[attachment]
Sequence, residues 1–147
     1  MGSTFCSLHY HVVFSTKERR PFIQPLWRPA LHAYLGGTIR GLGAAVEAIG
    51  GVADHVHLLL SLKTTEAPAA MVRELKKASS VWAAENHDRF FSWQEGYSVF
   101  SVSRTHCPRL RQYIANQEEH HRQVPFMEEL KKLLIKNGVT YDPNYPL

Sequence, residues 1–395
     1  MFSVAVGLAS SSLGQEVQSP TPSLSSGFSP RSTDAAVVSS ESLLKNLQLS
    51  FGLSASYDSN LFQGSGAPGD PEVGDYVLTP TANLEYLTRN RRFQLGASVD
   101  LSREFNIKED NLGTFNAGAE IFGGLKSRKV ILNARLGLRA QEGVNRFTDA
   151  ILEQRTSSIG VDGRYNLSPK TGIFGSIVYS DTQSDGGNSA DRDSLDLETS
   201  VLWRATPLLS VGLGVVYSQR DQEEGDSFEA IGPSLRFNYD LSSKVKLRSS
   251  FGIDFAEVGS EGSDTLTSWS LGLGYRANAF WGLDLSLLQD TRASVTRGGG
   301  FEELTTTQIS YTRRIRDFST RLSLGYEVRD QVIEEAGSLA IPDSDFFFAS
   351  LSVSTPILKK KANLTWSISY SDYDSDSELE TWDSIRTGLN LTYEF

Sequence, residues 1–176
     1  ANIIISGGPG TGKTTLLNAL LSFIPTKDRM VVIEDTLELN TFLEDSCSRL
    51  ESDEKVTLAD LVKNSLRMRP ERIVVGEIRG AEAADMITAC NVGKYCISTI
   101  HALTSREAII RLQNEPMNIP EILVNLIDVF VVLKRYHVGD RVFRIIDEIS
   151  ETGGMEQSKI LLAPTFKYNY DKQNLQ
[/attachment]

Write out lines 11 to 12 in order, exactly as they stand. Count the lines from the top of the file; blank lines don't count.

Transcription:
   251  FGIDFAEVGS EGSDTLTSWS LGLGYRANAF WGLDLSLLQD TRASVTRGGG
   301  FEELTTTQIS YTRRIRDFST RLSLGYEVRD QVIEEAGSLA IPDSDFFFAS